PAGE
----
For this reason some of the Sages teach that tzaraat could be the physical manifestation of a spiritual disease, a punishment designed to show the sinner that he must mend his ways. They teach that the word "metzora" (the one afflicted by the tzaraat, i.e. the leper) is a contraction of "motzyira" meaning "one who spreads slander." Therefore, they conclude, tzaraat is a punishment for the sin of slander, false oaths, pride and selfishness; it is a Divine retribution for the offender's failure to feel the needs and share the hurt of others. God rebukes this antisocial behavior by isolating him from society, so that he can experience the pain he has imposed on others and heal himself through repentance. Vayikra 13:44-46: "He is a person with tzaraat, he is unclean; the Kohen shall declare him contaminated; his affliction is upon his head. And the person with tzaraat in whom the affliction is, his clothes shall be torn, and his head bare, and he shall put a cover up to his upper lip, and he shall cry, 'Unclean, unclean.' All the days when the affliction shall be upon him he shall be unclean; he is unclean; he shall dwell alone; outside the camp shall his habitation be."

The Tanakh records only two instances of cleansing from tzaraat. The significance of those two instances was that the healing was done through prophets and not through priests, thus making the tzaraat affliction a result of a direct disrespect for God's anointed. Moshe's sister Miriam was struck with tzaraat because she slandered Moshe, but Moshe prayed for her and she was cleansed — after staying seven days outside the camp. Elisha the prophet, who received double of the spirit of Elijah, cleansed Naaman, the captain of the army of the king of Aram (II Kings 5). We are not told why Naaman received the affliction but his cleansing was a testimony for Israel's lack of faith, moral degradation and the treatment of its own prophets, as reiterated later by our Messiah: "And there were many metzorayim in Israel in the time of Elisha the prophet; and none of them was cleansed, but only Naaman the Syrian" (Luke 4:27).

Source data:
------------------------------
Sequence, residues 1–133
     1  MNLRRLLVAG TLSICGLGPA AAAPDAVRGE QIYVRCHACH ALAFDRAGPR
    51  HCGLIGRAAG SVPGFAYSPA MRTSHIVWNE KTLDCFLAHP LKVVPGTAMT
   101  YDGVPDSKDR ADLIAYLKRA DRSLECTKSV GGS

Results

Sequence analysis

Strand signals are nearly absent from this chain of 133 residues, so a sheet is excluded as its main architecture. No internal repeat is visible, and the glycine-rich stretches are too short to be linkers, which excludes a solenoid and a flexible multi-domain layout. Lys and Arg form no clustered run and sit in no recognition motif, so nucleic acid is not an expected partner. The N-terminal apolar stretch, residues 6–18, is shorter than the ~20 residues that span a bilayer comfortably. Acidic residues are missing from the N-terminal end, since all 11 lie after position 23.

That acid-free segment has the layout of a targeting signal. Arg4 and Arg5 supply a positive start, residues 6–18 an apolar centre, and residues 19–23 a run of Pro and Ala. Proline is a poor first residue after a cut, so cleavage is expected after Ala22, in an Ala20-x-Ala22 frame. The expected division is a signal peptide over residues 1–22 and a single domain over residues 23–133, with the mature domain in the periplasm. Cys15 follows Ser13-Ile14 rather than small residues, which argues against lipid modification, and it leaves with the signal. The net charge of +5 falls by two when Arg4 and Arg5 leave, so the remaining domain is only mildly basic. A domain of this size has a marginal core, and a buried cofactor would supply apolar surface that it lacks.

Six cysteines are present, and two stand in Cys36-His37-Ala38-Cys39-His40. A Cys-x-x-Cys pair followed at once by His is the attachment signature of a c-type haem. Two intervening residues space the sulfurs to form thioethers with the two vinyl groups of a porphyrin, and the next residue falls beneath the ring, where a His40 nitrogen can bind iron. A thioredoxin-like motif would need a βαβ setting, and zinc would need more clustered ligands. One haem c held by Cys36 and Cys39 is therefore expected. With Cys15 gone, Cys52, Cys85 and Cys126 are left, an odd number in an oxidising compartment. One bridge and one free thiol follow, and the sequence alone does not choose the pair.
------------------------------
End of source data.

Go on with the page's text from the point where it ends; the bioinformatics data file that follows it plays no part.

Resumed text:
Yeshua was (and is) also not well received by most of His own people, especially the leaders, even though they were the only people on earth who received the Torah, God’s instructions, and should have known better about their Messiah. He encountered opposition and lack of faith just as the prophets of old were, and let's not forget who convicted Him and gave Him up to the Romans to be crucified - the Sanhedrin, the religious leaders who were more interested in maintaining their status rather than in the truth. The irony of this is that because these religious leaders rejected Yeshua, the good news of salvation spread to the entire world.

Shabbat joy, peace, and blessings! Shabbat Shalom!